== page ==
Tuesday, December 13, 2016

Handle once for many events via sliding timer.

As a developer we might have encountered many situations where we have to do certain things when something triggers but it triggers so frequently which makes our handler code run many times and it affecting performance. The functionality might be achieved by responding to last trigger. In .Net way, we can take events as triggers and if we want to handle event which is firing frequently it affects the performance.

Coming to an example for more clarity. Suppose we need to do something when the network is connected or disconnected, we can hook into the NetworkAvailabilityChanged or NetworkAddressChanged and write the code. But the network sometimes can get fluctuations, and these events may fires frequently but we don't need to respond for each event but to the last event. This is same if we want to show the MousePosition. We should only handle the last mouse move event. Not all. 

The event is firing rapidly. Need to handle the last one.

The major problem here is to identify which is the last one. In other words how much time we need to wait without any event firing to determine the last one.

This is purely the decision of the developer based on the situation. In some situations we can easily conclude that, if there is a 1 second delay the previous one was the last event. Sometimes that delay may be 5-10 seconds or can be small in milliseconds.

In short, many event firings happened but no need to handle once for all by determining a last point. This can be done using sliding timer mechanism or simple timer monitor.

Sliding timer

There is no  timer class in .Net framework called SlidingTimer. This is just a mechanism to reset the time based on triggers. If no event triggered, for a specified time, the timer ticks and the operation can be done.

When this should not be used

 If every event needs to be handled we cannot use this sliding timer mechanism. For example a sensor event or data feed where each and every event brings different data and needs to be processed.

Sample code

Below is a sample WPF implementation. This sample is trying to show the location of a window in a textblock whenever the window is moved. Since the LocationChanged event fires rapidly it uses SlidingTimer to determine when the user stops dragging the window. In other words, if the LocationChanged firing started and stops firing for 2 seconds, it the best time to update the location in textbox. First lets take a look at the consuming side.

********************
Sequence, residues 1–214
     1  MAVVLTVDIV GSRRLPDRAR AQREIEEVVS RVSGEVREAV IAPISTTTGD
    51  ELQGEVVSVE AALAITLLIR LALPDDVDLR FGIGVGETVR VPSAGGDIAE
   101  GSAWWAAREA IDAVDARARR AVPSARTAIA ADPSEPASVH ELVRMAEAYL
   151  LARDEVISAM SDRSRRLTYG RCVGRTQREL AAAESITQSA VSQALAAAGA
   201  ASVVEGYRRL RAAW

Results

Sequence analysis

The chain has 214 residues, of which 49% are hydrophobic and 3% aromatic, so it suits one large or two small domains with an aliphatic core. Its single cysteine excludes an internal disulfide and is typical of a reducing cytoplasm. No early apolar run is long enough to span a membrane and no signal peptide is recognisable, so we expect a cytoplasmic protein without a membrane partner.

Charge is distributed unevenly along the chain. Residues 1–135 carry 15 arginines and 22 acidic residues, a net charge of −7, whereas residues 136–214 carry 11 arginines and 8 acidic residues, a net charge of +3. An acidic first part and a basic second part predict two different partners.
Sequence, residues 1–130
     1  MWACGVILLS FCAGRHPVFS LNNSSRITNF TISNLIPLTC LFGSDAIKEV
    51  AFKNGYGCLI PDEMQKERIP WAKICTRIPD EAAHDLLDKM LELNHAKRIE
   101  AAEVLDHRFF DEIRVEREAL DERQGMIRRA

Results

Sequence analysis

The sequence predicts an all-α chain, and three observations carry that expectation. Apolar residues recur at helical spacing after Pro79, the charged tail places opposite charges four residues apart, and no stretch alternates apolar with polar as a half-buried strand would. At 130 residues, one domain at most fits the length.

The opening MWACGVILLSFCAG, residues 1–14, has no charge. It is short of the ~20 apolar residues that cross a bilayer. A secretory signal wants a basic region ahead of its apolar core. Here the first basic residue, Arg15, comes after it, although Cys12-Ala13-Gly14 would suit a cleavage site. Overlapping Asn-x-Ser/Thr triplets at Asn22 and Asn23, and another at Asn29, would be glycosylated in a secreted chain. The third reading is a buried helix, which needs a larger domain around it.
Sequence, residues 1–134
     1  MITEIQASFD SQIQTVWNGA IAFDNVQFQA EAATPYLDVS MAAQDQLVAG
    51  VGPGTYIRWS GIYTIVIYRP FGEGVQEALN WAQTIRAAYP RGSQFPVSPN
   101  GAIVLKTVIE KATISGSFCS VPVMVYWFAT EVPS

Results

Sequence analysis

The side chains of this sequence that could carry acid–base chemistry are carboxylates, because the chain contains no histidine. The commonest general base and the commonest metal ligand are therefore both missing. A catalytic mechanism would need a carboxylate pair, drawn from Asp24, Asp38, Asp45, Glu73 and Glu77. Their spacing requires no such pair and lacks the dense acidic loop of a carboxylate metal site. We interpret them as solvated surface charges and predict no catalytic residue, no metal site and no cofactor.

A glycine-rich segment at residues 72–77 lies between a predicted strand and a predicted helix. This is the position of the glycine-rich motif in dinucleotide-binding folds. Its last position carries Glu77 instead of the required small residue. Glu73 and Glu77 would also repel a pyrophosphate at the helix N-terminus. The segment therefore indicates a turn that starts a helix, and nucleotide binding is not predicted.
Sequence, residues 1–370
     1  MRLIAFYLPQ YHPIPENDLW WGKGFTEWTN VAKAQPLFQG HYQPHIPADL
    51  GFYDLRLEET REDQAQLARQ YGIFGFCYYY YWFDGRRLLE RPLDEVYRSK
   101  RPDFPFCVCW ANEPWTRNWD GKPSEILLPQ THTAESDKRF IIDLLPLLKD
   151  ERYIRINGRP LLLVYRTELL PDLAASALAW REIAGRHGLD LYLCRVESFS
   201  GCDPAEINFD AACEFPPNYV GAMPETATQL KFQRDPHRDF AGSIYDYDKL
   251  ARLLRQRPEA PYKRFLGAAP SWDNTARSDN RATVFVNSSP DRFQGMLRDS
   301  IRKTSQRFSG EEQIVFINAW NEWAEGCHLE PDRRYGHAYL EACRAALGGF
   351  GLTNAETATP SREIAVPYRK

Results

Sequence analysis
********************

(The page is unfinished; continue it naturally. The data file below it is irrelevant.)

private readonly int IdleTimeInMilliSecondsRequiredToProcessEvent = 2000;
SlidingTimer slidingTimer;
private void InitializeAndStartSlidingTimer()
    if (slidingTimer == null)
        slidingTimer = new SlidingTimer(IdleTimeInMilliSecondsRequiredToProcessEvent);
        App.Current.MainWindow.LocationChanged += MainWindow_LocationChanged;
        slidingTimer.Tick += (sender, args) =>
            this.Dispatcher.BeginInvoke(new Action(() =>

                string loc = $"{App.Current.MainWindow.Left},{App.Current.MainWindow.Top}";
                this.LocationTextBlock.Text = loc;
private void MainWindow_LocationChanged(object sender, EventArgs e)
    Console.WriteLine("Event fired restart sliding timer");
The above code can be in any WPF UI component's code behind file. Prerequisite is to have a TextBlock called LocationTextBlock in the UI class. InitializeAndStartSlidingTimer() can be called in the beginning or at any suitable time to initialize the SlidingTimer. Since the Window.LocationChanged is subscribed after initialization, its fine here. Those can vary depends on our scenario. 

Here the SlidingTimer is initialized with an idle timeout which required to tick after it is started or restarted. In the MainWindow_LocationChanged event handler, the slidingTimer is restarted. If there is no StartOrRestart() called continuously for 2000 milliseconds, the Tick event will fire. The Tick event handler uses dispatcher to manipulate the UI as the event fires in different thread.

Now lets see how the SlidingTimer class looks like
internal sealed class SlidingTimer
    Timer _internalTimer;

    private void OnTick(EventArgs args)
        if(Tick !=null)
            Tick(this, args);
    /// <summary>
    /// Fires in separate thread, when the there is enough delay to execute task.
    /// </summary>
    public event EventHandler Tick;
    int _intervalInMilliSeconds;
    public SlidingTimer(int intervalInMilliSeconds)
        _intervalInMilliSeconds = intervalInMilliSeconds;
        _internalTimer = new Timer((state) =>
    internal void StartOrRestart()
        _internalTimer.Change(_intervalInMilliSeconds, Timeout.Infinite);
Here a thread timer is used for timing purpose. After it is started, the invocation of the callback event handler is controlled by the StartOrRestart(). Suppose the interval is 2 seconds, if internal timer starts and the StartorRestart() called after 1 seconds the total time slides to 3 seconds to get the event fired. This is simple sliding mechanism.

Monitoring timer 

The original use case can be done by using a normal timer as well. The event handler can just set a flag to indicate the processing is required. When the timer ticks it can check the flag and do the operation. After timer operation it needs to reset the flag.

Happy coding.

1 comment:

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